The entrance is a little confusing but it’s located right by the red wagon and is marked with a white sign. You’ll need to pull back the green fencing. As you can see, the orchard is completely enclosed. No, this is not to keep your children caged in (although, added benefit!) but rather it keeps the blueberry eating birds and critters out.
There are a lot of blueberry bushes inside! They are in neat rows that you can roam up and down.
They are also on the shorter side which is nice when you have a 40-inch picking companion!
We found some of the bluest berries towards the back. There were so many blueberries to pick. I found myself grabbing a handful from each bush as I walked by. I easily filled up three pints.
The berries are NOT sprayed with any chemicals and that made me feel a little less guilty as my child roamed the orchard eating possibly an entire pint worth of blueberries straight from the bushes. He didn’t even try to act guilty when he was caught in the act.
After about 30 minutes of peaceful, pre-dusk picking, we headed out of the orchard to pay for our berries and get our blueberry-eating monster away from the bushes. We also rounded up and added a few extra bucks to the box to cover the cost of all the blueberries he ate during those 30 minutes! And continued to eat even after we were out… I think I lost half a pint on the walk to the car.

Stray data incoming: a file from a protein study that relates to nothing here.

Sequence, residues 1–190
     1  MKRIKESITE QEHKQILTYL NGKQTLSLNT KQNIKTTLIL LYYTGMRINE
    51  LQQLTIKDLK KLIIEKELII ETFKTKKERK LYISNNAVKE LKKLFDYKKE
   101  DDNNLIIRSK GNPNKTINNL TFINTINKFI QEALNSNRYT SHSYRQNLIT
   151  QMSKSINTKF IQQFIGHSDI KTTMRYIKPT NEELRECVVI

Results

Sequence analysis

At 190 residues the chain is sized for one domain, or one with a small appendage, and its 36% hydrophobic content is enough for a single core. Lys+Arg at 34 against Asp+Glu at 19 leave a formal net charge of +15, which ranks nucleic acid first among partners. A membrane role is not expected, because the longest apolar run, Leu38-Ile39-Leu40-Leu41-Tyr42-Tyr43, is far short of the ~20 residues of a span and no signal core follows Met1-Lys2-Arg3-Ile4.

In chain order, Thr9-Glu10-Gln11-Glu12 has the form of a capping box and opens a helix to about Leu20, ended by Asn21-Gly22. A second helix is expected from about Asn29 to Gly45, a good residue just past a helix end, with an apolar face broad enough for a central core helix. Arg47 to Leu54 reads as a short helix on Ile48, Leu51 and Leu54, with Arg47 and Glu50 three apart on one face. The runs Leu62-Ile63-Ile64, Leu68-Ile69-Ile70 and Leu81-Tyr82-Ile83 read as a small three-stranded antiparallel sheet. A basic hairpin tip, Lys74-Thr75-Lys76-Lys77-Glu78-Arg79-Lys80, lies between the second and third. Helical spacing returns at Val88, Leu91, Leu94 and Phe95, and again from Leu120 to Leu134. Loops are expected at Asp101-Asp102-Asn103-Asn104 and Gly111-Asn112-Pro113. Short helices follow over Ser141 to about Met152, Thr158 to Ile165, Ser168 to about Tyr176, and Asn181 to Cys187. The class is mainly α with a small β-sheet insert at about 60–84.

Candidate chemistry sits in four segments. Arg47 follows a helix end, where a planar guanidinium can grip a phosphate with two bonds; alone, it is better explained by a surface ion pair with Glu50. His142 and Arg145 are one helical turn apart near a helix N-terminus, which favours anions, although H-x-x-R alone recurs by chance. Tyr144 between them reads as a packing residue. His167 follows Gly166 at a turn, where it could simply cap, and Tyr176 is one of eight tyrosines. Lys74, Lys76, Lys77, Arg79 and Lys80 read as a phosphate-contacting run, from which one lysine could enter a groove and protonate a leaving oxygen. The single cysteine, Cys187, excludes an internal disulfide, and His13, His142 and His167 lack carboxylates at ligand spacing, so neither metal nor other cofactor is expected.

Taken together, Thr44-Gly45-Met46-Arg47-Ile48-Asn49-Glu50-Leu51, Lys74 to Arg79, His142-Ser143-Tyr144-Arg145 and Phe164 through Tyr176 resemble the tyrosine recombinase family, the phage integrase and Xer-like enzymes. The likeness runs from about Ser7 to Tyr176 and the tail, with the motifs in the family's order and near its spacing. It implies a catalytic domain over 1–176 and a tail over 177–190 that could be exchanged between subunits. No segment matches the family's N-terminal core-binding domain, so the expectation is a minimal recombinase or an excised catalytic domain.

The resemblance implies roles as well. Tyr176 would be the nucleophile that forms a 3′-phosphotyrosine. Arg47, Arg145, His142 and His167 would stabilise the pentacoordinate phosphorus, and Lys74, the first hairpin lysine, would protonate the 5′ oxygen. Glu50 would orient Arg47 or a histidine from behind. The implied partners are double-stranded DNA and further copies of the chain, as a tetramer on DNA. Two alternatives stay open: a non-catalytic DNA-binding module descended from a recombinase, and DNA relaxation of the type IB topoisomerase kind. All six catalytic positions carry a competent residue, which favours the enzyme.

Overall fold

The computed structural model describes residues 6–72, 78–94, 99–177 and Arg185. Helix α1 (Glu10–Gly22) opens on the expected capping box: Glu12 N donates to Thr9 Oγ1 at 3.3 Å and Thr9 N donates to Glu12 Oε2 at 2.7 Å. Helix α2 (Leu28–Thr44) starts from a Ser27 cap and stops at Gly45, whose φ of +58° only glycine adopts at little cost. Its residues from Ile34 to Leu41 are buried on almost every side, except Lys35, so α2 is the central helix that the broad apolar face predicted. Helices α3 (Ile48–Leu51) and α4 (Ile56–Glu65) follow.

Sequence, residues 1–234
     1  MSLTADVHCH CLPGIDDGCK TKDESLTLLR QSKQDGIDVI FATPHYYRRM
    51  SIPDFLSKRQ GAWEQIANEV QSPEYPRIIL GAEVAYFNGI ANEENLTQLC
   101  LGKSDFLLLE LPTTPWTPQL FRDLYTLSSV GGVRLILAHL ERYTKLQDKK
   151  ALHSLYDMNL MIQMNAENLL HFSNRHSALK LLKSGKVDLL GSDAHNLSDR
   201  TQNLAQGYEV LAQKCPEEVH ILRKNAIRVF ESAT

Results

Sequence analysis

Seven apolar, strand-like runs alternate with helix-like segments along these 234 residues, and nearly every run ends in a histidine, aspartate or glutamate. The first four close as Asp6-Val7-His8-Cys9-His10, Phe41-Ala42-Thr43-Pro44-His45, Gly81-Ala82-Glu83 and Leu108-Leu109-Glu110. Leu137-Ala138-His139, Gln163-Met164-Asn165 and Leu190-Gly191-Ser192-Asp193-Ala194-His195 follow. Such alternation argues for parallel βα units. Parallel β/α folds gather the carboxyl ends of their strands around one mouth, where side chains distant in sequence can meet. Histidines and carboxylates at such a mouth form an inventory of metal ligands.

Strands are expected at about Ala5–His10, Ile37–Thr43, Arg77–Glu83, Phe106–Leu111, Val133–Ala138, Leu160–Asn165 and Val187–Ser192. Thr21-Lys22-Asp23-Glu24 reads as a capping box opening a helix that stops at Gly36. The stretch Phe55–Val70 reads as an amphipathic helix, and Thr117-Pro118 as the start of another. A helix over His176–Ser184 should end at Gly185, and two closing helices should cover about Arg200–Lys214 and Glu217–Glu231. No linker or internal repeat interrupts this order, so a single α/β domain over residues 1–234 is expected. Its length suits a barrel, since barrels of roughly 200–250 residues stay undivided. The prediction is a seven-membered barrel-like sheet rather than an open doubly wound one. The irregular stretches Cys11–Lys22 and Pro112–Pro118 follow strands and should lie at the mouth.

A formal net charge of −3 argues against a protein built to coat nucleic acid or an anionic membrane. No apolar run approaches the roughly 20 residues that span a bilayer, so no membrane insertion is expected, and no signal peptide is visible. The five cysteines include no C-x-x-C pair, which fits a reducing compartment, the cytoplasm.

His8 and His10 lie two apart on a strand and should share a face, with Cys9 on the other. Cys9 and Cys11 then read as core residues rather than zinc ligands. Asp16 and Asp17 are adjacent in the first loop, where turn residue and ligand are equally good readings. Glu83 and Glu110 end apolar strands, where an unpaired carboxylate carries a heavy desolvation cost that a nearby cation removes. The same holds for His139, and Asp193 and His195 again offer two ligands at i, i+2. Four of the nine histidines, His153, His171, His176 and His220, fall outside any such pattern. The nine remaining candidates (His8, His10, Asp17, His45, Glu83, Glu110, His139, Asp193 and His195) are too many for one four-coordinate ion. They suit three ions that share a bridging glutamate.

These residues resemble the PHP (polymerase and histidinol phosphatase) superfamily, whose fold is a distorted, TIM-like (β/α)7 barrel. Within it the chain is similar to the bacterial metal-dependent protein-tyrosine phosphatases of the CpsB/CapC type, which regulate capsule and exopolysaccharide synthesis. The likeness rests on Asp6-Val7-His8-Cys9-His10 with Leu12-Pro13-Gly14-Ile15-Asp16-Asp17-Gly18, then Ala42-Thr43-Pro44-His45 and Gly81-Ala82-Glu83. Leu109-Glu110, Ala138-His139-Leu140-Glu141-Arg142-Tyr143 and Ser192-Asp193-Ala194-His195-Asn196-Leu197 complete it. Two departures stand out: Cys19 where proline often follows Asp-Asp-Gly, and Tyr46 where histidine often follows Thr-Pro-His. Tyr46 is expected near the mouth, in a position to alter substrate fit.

Our evening at the blueberry orchard had come to an end and we headed out. We enjoyed the drive through the farm on our way out especially as night fell. We loved picking blueberries at Auerfarm! We definitely will be back to check out their family programs at the 4H Center.
If you are planning to pick blueberries this summer, I definitely recommend trying out Auerfarm!
This about sums it up…
158 Auer Farm Road – Bloomfield, Connecticut
Hours for Blueberry PYO:
Daily: Dawn to Dusk
Blueberry season is usually throughout all of July (but can vary by season)
- Pick your own blueberries
- Family friendly
- Cash only – honor system
- Blueberries are sold by the pint
- Strollers can be difficult to maneuver in orchard
- Blueberry orchard is completely enclosed
- Sunny (it is a farm!)
- Small parking area by orchard; overflow down the road
- 4H Center on site with animal barns during business hours
- Bathrooms located at 4H Center (open during business hours)
- Hiking trails
- Classes and programs for families; summer camp; birthday parties